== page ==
Baltimore Ravens wide receiver Jacoby Jones (12) celebrates with teammates after returning a kick for a touchdown against the San Francisco 49ers in the third quarter in Super Bowl XLVII. Photo by Robert Deutsch, USA TODAY Sports
By Mike Garafolo, USA TODAY Sports
NEW ORLEANS - When the lights went out on Super Bowl XLVII, Baltimore Ravens cornerback Corey Graham was standing right at midfield, on the 50-yard stripe and in the center of the NFL logo.
Graham threw his hands up into the darkness, as if he knew what that power outage and the 33-minute delay that was about to ensue would mean to his team's momentum. And Graham was right.
Good thing for Graham and his teammates they were able to stave off a furious run from the San Francisco 49ers and, like the lights high above them in the Mercedes-Benz Super Dome, they were re-energized just in time to make a stop on a fourth-and-goal from the 5 to win 34-31 and become Super Bowl champions for the second time in team history.
"How could it be any other way?" Ravens coach John Harbaugh told CBS. " We talk to our guys all the time. It's never pretty, it's never perfect."
As for playing against his brother, 49ers coach Jim Harbaugh, John said, "It was really hard."
"I told him I loved him," John said of the postgame handshake. "He said congratulations."
Two field goals by rookie kicker Justin Tucker in the fourth quarter provided the only six points the Ravens would get after the delay, as compared to the 23 points the Niners put up. But that's all Baltimore needed thanks to a 28-6 lead provided by Joe Flacco's three touchdown passes and Jacoby Jones' 108-yard kickoff return for a touchdown to open the second half.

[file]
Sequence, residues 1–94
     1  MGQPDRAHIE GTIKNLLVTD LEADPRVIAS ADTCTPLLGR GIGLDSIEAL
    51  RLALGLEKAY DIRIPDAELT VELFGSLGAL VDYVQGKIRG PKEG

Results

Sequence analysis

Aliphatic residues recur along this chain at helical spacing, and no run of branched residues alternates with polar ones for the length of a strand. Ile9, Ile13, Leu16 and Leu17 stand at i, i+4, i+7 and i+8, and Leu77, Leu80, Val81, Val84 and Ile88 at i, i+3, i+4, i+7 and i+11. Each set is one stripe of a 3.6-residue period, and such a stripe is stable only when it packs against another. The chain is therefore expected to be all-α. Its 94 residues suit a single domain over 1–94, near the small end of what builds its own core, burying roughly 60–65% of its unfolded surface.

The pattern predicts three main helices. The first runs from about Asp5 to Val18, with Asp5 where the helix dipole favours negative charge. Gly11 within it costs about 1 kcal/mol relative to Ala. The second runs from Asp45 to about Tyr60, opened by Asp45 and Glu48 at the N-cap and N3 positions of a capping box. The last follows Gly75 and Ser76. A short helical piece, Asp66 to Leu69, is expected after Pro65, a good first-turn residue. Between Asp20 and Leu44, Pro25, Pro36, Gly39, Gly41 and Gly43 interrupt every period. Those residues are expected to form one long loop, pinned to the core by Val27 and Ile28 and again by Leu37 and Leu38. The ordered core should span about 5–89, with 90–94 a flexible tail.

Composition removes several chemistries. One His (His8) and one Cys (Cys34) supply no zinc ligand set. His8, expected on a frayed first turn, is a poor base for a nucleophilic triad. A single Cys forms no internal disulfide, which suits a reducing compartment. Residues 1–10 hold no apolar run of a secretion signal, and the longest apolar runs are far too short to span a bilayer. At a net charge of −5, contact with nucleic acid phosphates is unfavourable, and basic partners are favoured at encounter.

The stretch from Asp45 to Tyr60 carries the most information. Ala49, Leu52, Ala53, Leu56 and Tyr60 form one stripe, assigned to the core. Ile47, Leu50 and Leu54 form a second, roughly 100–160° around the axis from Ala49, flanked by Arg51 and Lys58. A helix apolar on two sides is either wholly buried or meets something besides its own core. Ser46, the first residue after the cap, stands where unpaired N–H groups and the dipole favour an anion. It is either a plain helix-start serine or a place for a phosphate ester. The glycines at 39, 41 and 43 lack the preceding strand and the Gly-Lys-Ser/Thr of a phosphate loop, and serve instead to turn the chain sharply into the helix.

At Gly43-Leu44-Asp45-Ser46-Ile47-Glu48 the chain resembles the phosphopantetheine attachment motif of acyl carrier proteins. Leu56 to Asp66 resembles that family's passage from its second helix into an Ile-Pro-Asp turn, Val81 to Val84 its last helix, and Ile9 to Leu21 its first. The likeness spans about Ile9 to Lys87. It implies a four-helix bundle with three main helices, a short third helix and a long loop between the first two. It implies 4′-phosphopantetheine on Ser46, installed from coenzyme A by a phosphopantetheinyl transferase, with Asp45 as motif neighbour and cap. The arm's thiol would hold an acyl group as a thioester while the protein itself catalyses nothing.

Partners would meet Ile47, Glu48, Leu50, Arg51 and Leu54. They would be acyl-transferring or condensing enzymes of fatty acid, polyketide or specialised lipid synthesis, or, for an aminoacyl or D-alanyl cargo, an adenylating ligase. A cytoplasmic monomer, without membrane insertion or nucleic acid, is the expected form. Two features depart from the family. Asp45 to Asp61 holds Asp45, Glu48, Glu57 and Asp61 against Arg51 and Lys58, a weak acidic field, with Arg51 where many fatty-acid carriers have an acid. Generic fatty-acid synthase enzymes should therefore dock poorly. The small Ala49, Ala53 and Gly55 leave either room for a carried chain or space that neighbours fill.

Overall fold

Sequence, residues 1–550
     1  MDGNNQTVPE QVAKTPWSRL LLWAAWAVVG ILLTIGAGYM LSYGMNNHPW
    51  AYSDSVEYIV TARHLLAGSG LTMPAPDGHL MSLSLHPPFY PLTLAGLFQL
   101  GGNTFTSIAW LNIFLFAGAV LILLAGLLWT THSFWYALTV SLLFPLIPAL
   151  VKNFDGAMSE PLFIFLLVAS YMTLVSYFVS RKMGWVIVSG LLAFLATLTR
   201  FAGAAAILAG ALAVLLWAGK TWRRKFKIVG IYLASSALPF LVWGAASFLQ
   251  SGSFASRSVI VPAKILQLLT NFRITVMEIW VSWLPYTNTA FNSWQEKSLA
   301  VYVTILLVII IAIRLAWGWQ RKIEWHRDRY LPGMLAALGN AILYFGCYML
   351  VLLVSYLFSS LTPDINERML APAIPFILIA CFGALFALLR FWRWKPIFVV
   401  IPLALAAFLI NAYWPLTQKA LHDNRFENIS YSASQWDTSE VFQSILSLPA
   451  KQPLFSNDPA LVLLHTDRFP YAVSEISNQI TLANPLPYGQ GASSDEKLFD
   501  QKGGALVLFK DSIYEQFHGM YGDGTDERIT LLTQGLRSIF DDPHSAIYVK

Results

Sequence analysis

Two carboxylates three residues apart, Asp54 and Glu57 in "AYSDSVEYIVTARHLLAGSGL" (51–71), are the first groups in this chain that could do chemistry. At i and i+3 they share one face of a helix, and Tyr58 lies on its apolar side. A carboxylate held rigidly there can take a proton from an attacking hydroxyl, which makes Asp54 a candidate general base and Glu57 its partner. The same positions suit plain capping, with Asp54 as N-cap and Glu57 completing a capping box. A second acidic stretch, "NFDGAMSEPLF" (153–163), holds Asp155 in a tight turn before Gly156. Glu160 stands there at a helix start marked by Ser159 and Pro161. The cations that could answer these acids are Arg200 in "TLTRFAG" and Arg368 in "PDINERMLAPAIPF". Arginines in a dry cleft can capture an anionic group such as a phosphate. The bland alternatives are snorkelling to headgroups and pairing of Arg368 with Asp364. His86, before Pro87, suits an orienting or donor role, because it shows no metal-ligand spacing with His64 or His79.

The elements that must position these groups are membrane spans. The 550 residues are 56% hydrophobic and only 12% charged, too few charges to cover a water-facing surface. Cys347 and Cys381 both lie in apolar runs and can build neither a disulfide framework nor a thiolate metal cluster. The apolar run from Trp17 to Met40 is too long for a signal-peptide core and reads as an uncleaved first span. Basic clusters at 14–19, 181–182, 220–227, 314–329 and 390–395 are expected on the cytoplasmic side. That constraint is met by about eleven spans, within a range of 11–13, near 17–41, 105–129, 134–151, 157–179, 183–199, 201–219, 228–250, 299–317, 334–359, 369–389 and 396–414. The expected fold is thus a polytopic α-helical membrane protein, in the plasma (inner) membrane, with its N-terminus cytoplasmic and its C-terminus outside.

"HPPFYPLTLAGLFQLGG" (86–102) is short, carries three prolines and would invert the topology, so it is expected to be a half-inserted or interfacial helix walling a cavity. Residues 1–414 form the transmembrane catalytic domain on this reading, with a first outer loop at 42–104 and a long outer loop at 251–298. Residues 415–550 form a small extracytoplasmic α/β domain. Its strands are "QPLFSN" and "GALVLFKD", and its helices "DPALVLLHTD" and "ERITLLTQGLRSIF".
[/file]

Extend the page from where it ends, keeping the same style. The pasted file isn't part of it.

"We never make it easy, but that's the way the city of Baltimore is," said Flacco, named the game's MVP.
Flacco was 22-for-33 for 287 passing yards.
It was as if only an unforeseen event would stop the Ravens' momentum and Ray Lewis' attempt to end his 17-year career by going out on top.
That event came in the form of the power outage, which halted the Ravens' momentum after defensive end Arthur Jones celebrated his ankle tackle of a sack of Colin Kaepernick that backed the Niners up into a third-and-13 less than two minutes into the second half. It looked bleak for San Francisco, which trailed 28-6 at the time.
The rally then commenced and didn't stop until the Niners made one last push for a go-ahead touchdown as time wound down.
But the Ravens are champs because of a stop on a two-point conversion that could've tied the game after a 15-yard touchdown run by Kaepernick and a perfect back-shoulder throw from Joe Flacco to Anquan Boldin to set up Tucker's second field goal.
The 49ers' "Quest for Six," as the team called it, failed. For the first time, the franchise has felt what it's like to lose a Super Bowl. The Pittsburgh Steelers remain the only team with a half dozen Lombardi Trophies.